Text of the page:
Atrial Fibrillation is a condition where the heart beats very fast and irregularly. Some patients only experience mild symptoms with atrial fibrillation such as palpitations, breathlessness or light headedness, while others can experience profound symptoms and feel quite unwell with it. 1 in 3 strokes are caused by AF in people over the age of 60 and people with AF have a 3-5 times greater risk of stroke than people without AF.
If you have recently been diagnosed with atrial fibrillation, your physician might refer you to a Cardiologist where you will be assessed for stroke risk. One of the ways a Cardiologist assesses stroke risk is by using a guideline called the CHADS score. This takes a number of factors into consideration in order to ensure the patient is put on the right treatment for stroke prevention.
Atrial Fibrillation is a condition where the top two chambers of the heart called the atria beat fast and irregularly. When this occurs, blood can pool in the atria causing blood clots. These blood clots can break off and travel to various parts of the body including the brain, causing a stroke. In order to prevent stroke in patients they need to be assessed by a qualified practitioner and in many cases anticoagulants are prescribed.
Is it safe to drink alcohol during pregnancy?
Alcohol is one of the most harmful substances to take in pregnancy.
It has serious effects on the baby that can cause lifelong disability. For example, it affects vision, hearing, intelligence, emotional control, and overall ability to understand and learn new tasks.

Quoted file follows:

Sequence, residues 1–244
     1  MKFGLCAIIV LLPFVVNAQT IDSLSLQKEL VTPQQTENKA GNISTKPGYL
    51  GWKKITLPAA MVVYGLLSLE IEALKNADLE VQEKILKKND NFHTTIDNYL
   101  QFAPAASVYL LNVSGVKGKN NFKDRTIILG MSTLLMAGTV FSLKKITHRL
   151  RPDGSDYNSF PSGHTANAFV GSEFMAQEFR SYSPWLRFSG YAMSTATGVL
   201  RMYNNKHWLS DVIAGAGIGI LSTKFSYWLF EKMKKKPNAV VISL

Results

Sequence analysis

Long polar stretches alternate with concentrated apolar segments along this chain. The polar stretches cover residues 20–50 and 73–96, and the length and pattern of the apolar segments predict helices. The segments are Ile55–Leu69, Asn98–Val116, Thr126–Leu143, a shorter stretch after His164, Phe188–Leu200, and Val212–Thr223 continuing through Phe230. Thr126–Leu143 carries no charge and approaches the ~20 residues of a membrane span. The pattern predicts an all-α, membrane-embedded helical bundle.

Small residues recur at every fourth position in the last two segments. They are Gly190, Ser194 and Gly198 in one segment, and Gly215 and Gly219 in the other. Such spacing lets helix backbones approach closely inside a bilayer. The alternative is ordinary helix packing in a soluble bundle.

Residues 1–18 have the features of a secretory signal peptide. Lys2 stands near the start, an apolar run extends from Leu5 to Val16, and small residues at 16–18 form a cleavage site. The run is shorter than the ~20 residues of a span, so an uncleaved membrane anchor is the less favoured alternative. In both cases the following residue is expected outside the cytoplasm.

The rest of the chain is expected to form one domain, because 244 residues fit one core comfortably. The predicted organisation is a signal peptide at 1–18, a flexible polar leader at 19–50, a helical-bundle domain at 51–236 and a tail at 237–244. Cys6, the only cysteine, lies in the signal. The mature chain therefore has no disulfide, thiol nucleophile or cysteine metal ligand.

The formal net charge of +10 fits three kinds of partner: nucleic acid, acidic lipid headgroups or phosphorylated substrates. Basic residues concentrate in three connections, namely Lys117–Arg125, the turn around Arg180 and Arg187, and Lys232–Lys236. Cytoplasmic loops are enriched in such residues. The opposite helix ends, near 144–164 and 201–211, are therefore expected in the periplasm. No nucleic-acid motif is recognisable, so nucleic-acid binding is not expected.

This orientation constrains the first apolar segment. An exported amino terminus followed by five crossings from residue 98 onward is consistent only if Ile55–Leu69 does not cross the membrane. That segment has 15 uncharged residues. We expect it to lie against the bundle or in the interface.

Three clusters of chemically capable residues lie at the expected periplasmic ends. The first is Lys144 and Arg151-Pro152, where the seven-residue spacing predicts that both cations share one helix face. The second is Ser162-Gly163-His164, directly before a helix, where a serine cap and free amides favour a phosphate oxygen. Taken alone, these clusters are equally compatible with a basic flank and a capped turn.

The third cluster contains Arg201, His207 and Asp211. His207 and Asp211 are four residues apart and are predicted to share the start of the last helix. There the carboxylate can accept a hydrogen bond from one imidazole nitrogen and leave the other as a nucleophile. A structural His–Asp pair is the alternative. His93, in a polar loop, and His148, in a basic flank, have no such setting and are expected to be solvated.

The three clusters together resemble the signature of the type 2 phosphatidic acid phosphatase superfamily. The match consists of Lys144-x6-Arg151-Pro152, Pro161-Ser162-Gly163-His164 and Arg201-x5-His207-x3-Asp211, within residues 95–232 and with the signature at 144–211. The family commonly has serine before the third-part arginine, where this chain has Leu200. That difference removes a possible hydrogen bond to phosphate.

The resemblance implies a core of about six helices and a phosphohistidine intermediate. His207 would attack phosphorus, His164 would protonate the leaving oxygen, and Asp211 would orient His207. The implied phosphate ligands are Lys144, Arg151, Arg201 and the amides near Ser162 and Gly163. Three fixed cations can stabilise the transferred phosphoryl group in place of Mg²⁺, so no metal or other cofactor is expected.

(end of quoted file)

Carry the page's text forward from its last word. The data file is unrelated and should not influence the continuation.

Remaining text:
Most health authorities recommend minimal to no alcohol in pregnancy.
What are the different types of diabetes?
The three main types of diabetes are Type I, Type II, and gestational diabetes.
In Type I diabetes, the body is unable to produce its own insulin. In Type II diabetes, the body produces insulin, but is unable to process or use it. Gestational diabetes occurs in pregnancy when the body is unable to keep up with the insulin demands of a growing fetus.
When should I have a hip replacement?
If your doctor has told you that you are a candidate for hip replacement surgery, the timing of the operation will be a decision that you can make together. The general recommendation is to wait as long as possible, and to try other methods to control the pain with medications or walking aids to offload the affected hip. You can speak with your doctor about how necessary the hip replacement surgery is for you and what other options you might have in the meantime.